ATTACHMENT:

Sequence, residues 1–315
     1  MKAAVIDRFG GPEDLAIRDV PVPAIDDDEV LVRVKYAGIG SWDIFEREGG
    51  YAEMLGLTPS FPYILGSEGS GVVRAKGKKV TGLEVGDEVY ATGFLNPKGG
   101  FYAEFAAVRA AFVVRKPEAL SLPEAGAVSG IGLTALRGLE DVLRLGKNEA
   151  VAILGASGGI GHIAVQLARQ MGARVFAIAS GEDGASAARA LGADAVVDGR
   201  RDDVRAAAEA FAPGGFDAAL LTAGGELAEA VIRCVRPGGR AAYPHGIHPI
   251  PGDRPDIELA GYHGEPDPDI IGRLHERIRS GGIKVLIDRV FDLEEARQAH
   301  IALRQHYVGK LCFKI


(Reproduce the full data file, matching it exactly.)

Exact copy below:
Sequence, residues 1–315
     1  MKAAVIDRFG GPEDLAIRDV PVPAIDDDEV LVRVKYAGIG SWDIFEREGG
    51  YAEMLGLTPS FPYILGSEGS GVVRAKGKKV TGLEVGDEVY ATGFLNPKGG
   101  FYAEFAAVRA AFVVRKPEAL SLPEAGAVSG IGLTALRGLE DVLRLGKNEA
   151  VAILGASGGI GHIAVQLARQ MGARVFAIAS GEDGASAARA LGADAVVDGR
   201  RDDVRAAAEA FAPGGFDAAL LTAGGELAEA VIRCVRPGGR AAYPHGIHPI
   251  PGDRPDIELA GYHGEPDPDI IGRLHERIRS GGIKVLIDRV FDLEEARQAH
   301  IALRQHYVGK LCFKI